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World Bank approves $250 million program to improve the quality of elementary teachers in Bihar

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By NewsgRam Staff Writer

The World Bank approved a $250 million credit for Enhancing Teacher Effectiveness in Bihar Program to improve the effectiveness of elementary school teachers in Bihar by making them more qualified, accountable and responsive.

The program will be implemented over a five year period and will support  development of high quality education institutions; ensure certification for unqualified elementary school teachers and continuous professional development of teachers in service; help effective teacher management and performance; and improve teacher accountability at the school level.

“In order to improve the learning outcomes of children in Bihar, it is critical that robust systems for developing high quality teachers are in place,” said Onno Ruhl, World Bank Country Director in India. “This program will equip teachers with the skill and knowledge they need to be more effective in the classroom by focusing on teacher training, performance, and accountability.” 

Lack of trained teachers seems to be one of the biggest impediments in improving the quality of education in Bihar. By 2020, the number of teachers is expected to exceed 600,000. However, the state’s training capacity is less than 5,000 newly trained teachers per year whereas it needs to train at least ten times more teachers annually. The challenge to train teachers in a conducive learning environment has become greater after the recent expansion in the number of teachers in Bihar. This has been compounded by years of underinvestment in teacher education in Bihar since the 1990s. The state needs better institutions for teacher education, effective teaching practices, improved teacher performance, strong accountability measures and strengthened monitoring and governance arrangements.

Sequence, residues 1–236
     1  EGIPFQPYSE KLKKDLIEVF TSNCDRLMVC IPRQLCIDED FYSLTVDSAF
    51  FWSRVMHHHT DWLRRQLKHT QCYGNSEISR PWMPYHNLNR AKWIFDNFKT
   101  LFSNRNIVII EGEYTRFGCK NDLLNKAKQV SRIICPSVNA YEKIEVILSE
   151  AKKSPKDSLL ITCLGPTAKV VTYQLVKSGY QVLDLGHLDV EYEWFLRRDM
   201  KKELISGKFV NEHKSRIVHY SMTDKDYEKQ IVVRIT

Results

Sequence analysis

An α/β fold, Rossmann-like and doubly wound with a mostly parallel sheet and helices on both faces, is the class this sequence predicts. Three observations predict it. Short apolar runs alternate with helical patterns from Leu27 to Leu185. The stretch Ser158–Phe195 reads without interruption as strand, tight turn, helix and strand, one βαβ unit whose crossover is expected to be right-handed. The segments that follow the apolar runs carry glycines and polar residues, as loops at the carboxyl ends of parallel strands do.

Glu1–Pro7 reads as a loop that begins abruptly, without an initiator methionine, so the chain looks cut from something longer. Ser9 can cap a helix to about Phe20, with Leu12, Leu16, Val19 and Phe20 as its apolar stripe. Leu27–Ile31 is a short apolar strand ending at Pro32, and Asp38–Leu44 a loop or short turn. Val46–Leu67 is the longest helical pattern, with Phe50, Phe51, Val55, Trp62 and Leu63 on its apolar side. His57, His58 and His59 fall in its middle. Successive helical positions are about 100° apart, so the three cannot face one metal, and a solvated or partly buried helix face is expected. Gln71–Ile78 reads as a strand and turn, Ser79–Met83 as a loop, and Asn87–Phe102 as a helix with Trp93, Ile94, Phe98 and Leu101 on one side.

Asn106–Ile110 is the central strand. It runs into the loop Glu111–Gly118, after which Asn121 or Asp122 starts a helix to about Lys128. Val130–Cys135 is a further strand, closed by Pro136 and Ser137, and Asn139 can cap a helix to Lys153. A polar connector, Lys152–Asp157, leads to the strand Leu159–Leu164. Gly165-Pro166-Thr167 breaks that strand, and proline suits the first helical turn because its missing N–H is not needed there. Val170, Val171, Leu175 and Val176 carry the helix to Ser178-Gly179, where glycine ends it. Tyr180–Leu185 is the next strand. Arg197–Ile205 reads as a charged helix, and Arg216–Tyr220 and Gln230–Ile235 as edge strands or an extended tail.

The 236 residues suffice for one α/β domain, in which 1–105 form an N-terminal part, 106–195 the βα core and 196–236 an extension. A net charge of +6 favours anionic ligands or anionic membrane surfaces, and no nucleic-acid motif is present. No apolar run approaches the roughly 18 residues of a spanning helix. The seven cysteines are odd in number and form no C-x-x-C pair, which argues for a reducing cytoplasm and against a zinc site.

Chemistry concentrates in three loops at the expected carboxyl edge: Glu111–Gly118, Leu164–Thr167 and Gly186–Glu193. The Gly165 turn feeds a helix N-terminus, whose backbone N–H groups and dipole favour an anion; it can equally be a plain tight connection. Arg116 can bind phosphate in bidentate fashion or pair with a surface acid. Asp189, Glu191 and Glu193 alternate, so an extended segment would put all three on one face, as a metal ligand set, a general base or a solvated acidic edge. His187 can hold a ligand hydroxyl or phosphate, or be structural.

The program, approved the World Bank’s Board of executive Directors , will be part of the Government of Bihar’s school education reform program (also known as Manav Vikas program), which is implementing a wide-set of reforms to improve the quality of education, especially for elementary level children. It will benefit some 450,000 teachers in government elementary schools in Bihar, particularly the 65,000 new unqualified entrants who will receive certification through Open Distance Learning (ODL).  As a result, some 21.2 million elementary school students are expected to gain access to improved classroom teaching and learning.

Institutions like the State Council of Educational Research and Training (SCERT), District Institutes of Education and Training (DIETs), Primary Teacher Education Centers (PTECs) at the district level and Block Resource Centers (BRCs) and Cluster Resource Centers (CRCs) at the sub-district level will be strengthened to function as local learning centers. They will offer a full range of teacher education activities, including local group discussions, tutorials, and remote teaching sessions.